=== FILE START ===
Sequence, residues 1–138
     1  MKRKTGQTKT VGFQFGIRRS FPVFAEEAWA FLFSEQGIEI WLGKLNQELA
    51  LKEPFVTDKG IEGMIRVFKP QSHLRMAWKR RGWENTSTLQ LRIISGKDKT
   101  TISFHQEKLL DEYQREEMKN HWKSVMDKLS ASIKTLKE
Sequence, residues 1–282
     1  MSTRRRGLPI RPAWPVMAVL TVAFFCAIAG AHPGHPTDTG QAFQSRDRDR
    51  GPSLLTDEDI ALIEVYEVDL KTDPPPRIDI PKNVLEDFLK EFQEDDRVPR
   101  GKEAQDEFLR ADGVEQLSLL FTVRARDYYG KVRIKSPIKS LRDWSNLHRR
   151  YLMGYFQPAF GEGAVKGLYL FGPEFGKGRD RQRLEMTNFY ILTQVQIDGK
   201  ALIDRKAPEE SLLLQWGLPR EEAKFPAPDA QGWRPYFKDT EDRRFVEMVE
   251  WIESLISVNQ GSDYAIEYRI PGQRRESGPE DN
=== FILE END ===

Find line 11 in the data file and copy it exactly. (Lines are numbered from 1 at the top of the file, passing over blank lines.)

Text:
   251  WIESLISVNQ GSDYAIEYRI PGQRRESGPE DN